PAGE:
In total, over 1,000 Apaches have been built for the US Army and export customers. Some 227 AH-64D Longbow models were built for the Army, and another 470 or so AH-64A models have been upgraded with most of the AH-64D improvements. Further upgrades continue under the Block II and Block III programs to improve avionics systems and flight performance.

Several nations in Europe, Asia, and the Middle East have also purchased variants of the Apache. Over 300 export models have been ordered to date, including nearly 60 assembled by Westland in the United Kingdom. Like the US Army, customers with AH-64A fleets such as Egypt and Saudi Arabia have begun upgrading their aircraft to the AH-64D. Recent sales of the AH-64D have also been completed to the Netherlands, the United Arab Emirates, and Japan.


  • First Flight: (AH-64A) 30 September 1975 ;  (AH-64D) 15 April 1992
  • Service Entry: (AH-64A) 26 January 1984 ; (AH-64D) 1997
  • Retirement: (AH-64A) planned by 2017
  • CREW: 2 ( pilot, weapons officer)
  • ESTIMATED COST: (AH-64A) $10 million ; (AH-64D) $35 million (new build)


  • Length: 58.26 ft (17.76 m) with rotors turning ;  48.17 ft (14.68 m) ignoring rotors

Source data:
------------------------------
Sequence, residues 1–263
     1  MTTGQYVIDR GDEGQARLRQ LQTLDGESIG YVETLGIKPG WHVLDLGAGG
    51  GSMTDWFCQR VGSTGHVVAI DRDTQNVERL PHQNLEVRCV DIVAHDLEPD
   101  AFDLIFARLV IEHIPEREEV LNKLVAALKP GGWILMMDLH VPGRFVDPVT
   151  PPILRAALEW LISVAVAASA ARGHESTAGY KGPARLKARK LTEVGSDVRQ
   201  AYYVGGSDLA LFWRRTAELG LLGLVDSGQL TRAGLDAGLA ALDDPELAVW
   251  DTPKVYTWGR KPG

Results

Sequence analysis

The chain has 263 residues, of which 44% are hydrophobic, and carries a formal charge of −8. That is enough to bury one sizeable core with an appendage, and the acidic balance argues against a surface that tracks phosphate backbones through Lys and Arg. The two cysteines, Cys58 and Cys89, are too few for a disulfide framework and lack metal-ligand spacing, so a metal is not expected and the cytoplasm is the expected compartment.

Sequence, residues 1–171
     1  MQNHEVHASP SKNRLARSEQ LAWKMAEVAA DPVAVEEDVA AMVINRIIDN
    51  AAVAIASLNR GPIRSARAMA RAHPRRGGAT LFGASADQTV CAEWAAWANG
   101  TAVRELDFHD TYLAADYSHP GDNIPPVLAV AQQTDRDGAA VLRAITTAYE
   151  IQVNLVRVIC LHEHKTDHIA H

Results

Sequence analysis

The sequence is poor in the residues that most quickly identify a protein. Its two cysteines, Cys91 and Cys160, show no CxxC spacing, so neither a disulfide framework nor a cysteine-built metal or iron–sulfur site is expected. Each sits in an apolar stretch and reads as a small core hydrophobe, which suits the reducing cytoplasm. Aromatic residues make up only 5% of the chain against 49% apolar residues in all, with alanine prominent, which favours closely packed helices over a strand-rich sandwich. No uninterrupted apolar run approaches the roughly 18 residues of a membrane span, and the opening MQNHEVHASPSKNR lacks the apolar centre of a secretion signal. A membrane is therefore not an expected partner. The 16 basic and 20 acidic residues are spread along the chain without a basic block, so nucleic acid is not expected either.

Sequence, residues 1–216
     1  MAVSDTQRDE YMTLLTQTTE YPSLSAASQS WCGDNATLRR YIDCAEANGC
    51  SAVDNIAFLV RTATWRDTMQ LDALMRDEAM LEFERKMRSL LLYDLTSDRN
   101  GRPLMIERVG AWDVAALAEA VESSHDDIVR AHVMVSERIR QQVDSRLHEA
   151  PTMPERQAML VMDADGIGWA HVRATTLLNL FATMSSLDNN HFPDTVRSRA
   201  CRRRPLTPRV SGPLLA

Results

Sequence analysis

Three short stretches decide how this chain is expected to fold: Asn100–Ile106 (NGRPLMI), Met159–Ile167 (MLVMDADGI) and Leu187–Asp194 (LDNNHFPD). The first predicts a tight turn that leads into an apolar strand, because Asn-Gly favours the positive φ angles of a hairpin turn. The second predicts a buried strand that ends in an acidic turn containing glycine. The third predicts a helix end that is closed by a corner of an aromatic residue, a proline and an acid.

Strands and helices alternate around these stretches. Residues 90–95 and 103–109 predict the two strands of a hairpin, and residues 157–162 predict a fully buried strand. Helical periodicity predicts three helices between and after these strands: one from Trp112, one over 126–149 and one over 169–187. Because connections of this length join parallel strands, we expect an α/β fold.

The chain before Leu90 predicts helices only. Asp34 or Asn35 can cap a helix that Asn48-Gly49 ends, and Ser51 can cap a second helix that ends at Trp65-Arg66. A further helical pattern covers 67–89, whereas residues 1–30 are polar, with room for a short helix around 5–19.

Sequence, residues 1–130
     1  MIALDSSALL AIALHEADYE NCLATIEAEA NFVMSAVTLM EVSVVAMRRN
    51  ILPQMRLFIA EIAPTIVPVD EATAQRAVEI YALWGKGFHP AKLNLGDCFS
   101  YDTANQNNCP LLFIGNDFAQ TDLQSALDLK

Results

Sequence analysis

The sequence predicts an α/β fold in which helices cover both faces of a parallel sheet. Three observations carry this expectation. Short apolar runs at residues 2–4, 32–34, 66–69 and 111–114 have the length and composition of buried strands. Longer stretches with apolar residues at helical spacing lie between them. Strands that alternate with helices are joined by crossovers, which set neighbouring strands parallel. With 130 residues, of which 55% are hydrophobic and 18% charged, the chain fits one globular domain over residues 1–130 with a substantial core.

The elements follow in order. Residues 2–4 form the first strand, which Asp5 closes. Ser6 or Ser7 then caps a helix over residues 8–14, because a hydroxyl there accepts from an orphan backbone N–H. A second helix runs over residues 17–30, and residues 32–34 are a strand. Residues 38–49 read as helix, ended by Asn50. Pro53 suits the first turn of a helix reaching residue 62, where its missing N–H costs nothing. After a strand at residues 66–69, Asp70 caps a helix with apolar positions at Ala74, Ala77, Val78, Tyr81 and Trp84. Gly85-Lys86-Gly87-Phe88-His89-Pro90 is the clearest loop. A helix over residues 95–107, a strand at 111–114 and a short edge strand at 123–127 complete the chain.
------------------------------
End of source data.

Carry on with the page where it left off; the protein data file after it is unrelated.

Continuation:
• Rotor Diameter: 48.00 ft (14.63 m)
  • Height: 14.13 ft (4.30 m) to top of tail rotor ; 12.89 ft (3.84 m) to top of main rotor ; 16.25 ft (4.95 m) to top of radome
  • Rotor Disk Area: 1,809.5 ft² (168.11 m²)


  • Empty: (AH-64A) 11,385 lb (5,165 kg) ; (AH-64D) 11,800 lb (5,350 kg)
  • Normal Takeoff: (AH-64A) 15,075 lb (6,840 kg) ; (AH-64D) 16,025 lb (7,270 kg)
  • Max Takeoff: (AH-64A) 17,650 lb (8,005 kg) ; (AH-64D) 22,280 lb (10,105 kg)
  • Fuel Capacity internal: 2,440 lb (1,110 kg)
  • Fuel Capacity External: 5,980 lb (2,710 kg)
  • Max Payload: 1,700 lb (770 kg)


  • Powerplant: (AH-64A) two General Electric T700-701 turboshafts ; (AH-64D) two General Electric T700-701C turbo shafts
  • Thrust: (AH-64A) 3,392 shp (2,530 kW) ; (AH-64D) 3,880 shp (2,894 kW)


  • Max Level Speed: (AH-64A) 180 mph (295 km/h) ; (AH-64D) 160 mph (260 km/h)